• self-seeding by some species, so replanting is not necessary.

Myths, Legends, Tales, Folklore, and Interesting Facts

  • One of the stranger old-time medicinal preparations is "toad ointment," used to treat sprains, strains, lame back, rheumatism, caked breast, caked udders, etc. A recipe is: put four good-sized toads into boiling water and cook until very soft; remove them and boil the water down to 1/2 pint; add 1 pound of fresh churned, unsalted butter and simmer; add 2 ounces of tincture of arnica.
  • Although not safe for internal consumption by humans, Arnica cordifolia has been identified as an important constituent of the diet of elk and mule deer.
  • Applied to the bald scalp, arnica is said to make hair grow (although skin irritation is the more likely result).
  • Large quantities of arnica were used to treat soldiers during World War II.
  • Arnica, from the European Arnica montana, is said to be one of the most frequently used homeopathic remedies for sports injuries, including "Tennis Elbow." Swiss mountain climbers have sought out the herb and chewed it to relieve sore, tired muscles (a dangerous practice in view of its poisonous and allergenic properties).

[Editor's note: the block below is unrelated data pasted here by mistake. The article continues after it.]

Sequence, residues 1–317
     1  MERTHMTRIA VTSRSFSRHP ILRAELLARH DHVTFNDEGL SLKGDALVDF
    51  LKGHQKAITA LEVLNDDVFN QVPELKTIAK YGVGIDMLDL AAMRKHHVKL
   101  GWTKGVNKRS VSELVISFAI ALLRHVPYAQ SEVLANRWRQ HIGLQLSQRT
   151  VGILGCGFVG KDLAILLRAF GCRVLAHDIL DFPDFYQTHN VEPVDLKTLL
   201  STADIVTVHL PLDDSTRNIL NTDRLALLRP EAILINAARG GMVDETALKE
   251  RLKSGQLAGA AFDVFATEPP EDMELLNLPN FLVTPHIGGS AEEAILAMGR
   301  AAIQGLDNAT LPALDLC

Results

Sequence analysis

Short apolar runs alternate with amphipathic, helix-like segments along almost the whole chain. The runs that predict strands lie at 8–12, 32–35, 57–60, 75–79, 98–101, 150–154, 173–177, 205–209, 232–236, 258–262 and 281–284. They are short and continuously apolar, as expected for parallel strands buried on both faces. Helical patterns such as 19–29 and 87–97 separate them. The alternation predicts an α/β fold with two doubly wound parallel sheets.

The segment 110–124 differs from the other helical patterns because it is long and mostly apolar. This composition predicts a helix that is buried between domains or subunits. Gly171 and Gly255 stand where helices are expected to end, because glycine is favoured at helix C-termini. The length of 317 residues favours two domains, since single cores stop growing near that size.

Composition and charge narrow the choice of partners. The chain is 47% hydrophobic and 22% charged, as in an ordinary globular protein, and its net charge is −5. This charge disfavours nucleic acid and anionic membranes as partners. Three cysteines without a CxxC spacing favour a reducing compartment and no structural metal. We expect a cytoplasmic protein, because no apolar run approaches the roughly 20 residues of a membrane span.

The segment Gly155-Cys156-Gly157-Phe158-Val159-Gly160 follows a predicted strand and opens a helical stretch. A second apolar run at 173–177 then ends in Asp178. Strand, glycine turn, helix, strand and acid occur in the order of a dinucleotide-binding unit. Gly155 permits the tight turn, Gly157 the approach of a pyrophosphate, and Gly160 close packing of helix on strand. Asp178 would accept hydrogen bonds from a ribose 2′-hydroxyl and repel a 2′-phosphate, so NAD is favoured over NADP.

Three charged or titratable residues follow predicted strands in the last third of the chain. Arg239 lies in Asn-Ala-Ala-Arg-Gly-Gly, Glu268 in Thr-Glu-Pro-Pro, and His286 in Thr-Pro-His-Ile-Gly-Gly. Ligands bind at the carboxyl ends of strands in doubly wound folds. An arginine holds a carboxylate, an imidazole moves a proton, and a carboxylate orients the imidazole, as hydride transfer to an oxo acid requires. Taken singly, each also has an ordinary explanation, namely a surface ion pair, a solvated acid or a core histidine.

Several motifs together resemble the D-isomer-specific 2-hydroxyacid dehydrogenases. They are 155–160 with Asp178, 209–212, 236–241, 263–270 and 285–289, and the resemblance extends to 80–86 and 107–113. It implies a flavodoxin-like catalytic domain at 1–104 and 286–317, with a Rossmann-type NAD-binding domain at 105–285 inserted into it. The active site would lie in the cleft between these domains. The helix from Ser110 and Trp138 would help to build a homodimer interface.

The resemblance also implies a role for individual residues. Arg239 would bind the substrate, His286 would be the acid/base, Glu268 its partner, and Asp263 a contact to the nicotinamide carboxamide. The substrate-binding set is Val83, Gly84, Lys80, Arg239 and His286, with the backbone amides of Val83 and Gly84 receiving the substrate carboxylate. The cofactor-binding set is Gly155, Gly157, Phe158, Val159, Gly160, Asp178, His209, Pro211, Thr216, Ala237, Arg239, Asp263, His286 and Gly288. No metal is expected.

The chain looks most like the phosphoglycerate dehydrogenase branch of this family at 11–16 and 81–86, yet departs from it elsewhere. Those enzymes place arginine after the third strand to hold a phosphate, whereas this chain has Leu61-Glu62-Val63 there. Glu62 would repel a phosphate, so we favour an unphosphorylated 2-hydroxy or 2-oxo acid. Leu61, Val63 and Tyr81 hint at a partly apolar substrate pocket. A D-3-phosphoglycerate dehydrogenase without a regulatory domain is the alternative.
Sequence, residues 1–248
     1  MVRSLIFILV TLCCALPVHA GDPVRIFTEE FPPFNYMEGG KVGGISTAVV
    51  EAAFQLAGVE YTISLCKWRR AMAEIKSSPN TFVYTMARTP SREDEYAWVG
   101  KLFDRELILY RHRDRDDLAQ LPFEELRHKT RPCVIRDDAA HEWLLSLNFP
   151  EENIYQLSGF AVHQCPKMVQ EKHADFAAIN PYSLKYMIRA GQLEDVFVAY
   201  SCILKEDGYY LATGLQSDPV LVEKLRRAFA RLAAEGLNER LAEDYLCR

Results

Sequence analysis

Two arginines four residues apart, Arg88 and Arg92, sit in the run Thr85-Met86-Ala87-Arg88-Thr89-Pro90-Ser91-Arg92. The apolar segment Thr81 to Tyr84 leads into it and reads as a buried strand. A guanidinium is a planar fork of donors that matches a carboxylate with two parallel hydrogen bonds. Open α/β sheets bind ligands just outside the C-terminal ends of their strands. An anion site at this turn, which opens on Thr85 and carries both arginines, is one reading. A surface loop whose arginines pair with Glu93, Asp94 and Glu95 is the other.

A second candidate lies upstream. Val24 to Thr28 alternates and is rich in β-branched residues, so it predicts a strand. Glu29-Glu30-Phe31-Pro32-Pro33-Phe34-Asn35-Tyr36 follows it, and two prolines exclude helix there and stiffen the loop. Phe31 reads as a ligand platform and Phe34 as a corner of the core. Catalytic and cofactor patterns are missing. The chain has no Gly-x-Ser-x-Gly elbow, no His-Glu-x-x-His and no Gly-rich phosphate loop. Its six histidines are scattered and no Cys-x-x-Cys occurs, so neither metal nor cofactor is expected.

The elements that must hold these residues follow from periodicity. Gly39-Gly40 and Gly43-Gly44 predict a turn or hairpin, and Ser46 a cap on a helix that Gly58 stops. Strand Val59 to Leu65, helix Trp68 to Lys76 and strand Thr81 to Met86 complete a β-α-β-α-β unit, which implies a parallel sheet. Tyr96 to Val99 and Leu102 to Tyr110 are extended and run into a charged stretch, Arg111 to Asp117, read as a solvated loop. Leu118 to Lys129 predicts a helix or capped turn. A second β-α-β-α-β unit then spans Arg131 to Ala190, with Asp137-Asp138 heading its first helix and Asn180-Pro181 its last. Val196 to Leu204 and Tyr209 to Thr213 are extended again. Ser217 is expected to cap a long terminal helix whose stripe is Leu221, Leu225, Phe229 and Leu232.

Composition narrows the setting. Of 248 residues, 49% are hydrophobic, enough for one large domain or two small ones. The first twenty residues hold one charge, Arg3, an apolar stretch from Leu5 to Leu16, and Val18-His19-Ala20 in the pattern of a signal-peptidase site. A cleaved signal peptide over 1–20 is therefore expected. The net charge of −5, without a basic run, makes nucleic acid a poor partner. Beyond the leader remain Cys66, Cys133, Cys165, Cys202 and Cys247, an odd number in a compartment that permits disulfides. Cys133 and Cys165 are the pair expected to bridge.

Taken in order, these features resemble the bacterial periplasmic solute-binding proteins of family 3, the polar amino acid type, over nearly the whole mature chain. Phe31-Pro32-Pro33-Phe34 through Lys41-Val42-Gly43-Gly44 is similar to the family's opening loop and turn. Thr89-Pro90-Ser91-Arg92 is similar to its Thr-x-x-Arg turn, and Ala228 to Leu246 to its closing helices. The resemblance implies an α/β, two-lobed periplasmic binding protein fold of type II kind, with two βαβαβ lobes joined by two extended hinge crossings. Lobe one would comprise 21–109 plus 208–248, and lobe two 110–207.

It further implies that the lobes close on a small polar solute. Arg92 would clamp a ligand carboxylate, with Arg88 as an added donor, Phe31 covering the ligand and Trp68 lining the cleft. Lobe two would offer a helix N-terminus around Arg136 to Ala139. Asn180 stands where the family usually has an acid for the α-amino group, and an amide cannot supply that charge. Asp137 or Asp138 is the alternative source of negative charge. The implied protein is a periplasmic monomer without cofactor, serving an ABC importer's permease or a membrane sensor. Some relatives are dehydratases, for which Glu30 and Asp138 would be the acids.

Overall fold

• Arnica montana was attractively pictured (along with crowberry) on a 1995 Swedish postal stamp.

Selected References

  • Baillargeon, L., Drouin, J., Desjardins, L., Leroux, D., and Audet, D. 1993. The effects of Arnica montana on blood coagulation. Randomized controlled trial. Can. Fam. Physician 39: 2362-2367. [In French.]

  • Bomme, U., and Daniel, G. 1994. First results on selection breeding of Arnica montana L. Gartenbauwissenschaft 59(2): 67-71

  • Bomme, U., Rinder, R., and Voit, K. 1991. Influence of substrates and fertilization on raising transplants of Arnica montana L. Gartenbauwissenschaft 56(3): 106-113.

  • Cayouette, J. 1999. Kohlmeister et Kmoch, deux moraves en Ungava, en 1811. Flora Quebeca 3(3): 7-8. [Mentions medicinal use of Arnica angustifolia.]

  • Conchou, O., Nichterlein, K., and Voemel, A. 1992. Shoot tip culture of Arnica montana for micropropagation. Planta Med. 58: 73-76.

  • Downie, S.R. 1988. Morphological, cytological, and flavonoid variability of the Arnica angustifolia aggregate (Asteraceae). Can. J. Bot. 66: 24-39.